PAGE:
This common practice is greatly increasing your risk of a heart attack: study

This common practice is greatly increasing your risk of a heart attack: study

A new study finds that a significant amount of people are causing more damage to their bodies than they realize.

An alarming new study finds that a large segment of the population is being continually sleep-deprived, and it could have devastating effects on the body that people don’t realize.

Night shift workers are working when most people are asleep, and they usually try to compensate by sleeping while everyone else is working, but they tend to be more sleep-deprived than most anyway. And while the short-term effects of problems with concentration and lack of energy may not seem like a big deal, the long-term effects could result in a huge increase in cardiovascular disease, according to an American Heart Association statement.

Most people realize that disrupting the circadian rhythm is not good for your heart, most people probably don’t realize just how bad it can be for you over the long haul.

For the study, researchers examined 26 healthy people between the ages of 20 and 39 who were asked to restrict their sleep to just five hours for eight days, either at fixed bedtimes or delayed by eight and a half hours on half of the days.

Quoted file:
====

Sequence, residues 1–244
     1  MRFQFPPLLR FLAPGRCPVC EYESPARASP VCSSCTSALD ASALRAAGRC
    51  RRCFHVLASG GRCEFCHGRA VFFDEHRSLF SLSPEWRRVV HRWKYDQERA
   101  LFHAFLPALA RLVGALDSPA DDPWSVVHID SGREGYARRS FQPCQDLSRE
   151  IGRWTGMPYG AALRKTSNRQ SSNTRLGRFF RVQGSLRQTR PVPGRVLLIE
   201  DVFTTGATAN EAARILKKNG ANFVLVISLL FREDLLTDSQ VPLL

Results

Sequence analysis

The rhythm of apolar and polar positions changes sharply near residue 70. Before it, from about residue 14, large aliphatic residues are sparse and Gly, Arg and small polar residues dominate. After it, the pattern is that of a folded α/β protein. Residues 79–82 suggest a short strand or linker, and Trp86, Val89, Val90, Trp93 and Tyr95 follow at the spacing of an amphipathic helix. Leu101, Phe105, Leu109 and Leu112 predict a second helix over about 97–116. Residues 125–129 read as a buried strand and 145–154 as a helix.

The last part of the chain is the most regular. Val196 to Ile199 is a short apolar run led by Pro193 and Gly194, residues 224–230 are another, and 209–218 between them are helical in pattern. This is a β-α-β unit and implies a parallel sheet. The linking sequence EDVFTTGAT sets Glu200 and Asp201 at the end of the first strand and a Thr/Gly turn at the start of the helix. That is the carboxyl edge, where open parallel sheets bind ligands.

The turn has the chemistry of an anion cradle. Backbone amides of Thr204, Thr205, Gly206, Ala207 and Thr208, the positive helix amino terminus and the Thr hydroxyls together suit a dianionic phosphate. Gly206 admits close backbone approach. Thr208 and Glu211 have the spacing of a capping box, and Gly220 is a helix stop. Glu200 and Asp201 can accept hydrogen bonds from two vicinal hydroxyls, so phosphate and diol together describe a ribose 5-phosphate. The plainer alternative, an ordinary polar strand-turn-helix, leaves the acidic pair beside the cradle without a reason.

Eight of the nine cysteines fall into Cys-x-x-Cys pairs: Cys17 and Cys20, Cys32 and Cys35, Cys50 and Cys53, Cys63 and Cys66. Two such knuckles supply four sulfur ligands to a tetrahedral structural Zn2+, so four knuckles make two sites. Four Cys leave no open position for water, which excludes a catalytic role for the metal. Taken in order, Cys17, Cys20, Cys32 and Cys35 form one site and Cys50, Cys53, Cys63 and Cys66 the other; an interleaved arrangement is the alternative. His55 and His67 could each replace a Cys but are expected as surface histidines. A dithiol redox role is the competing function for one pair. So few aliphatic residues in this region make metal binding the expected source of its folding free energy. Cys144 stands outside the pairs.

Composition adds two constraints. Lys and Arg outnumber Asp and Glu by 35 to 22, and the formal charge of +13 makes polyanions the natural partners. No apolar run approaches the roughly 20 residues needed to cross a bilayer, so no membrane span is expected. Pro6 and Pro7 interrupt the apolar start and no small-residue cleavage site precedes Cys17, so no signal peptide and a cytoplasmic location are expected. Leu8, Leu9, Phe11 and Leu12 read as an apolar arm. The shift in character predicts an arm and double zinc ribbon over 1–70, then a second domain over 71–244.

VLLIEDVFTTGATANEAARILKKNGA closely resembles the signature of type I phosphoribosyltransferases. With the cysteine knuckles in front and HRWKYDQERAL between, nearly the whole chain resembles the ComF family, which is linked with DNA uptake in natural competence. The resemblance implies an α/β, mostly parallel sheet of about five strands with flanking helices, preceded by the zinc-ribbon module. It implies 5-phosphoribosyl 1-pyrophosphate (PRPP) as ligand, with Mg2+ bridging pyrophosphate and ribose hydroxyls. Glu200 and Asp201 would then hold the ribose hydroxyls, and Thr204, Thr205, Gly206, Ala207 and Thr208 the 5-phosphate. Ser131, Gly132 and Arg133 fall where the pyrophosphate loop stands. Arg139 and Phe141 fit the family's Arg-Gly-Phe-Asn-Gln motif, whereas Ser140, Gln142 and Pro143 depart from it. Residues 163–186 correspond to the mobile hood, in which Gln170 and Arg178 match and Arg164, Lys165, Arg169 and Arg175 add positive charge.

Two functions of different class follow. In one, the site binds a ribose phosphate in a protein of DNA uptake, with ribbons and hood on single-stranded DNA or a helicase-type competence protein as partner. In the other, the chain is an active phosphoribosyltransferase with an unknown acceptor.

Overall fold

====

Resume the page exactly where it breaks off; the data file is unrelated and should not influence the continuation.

Both groups had an increased heart rate while awake, but it was even higher for those that had a delayed bedtime.

“In humans, as in all mammals, almost all physiological and behavioral processes, in particular the sleep-wake cycle, follow a circadian rhythm that is regulated by an internal clock located in the brain,” Daniela Grimaldi, M.D., Ph.D., lead author and a research assistant professor at Northwestern University in Chicago, said in the statement. “When our sleep-wake and feeding cycles are not in tune with the rhythms dictated by our internal clock, circadian misalignment occurs.

“Our results suggest shift workers, who are chronically exposed to circadian misalignment, might not fully benefit from the restorative cardiovascular effects of nighttime sleep following a shift-work rotation,”┬áhe added.



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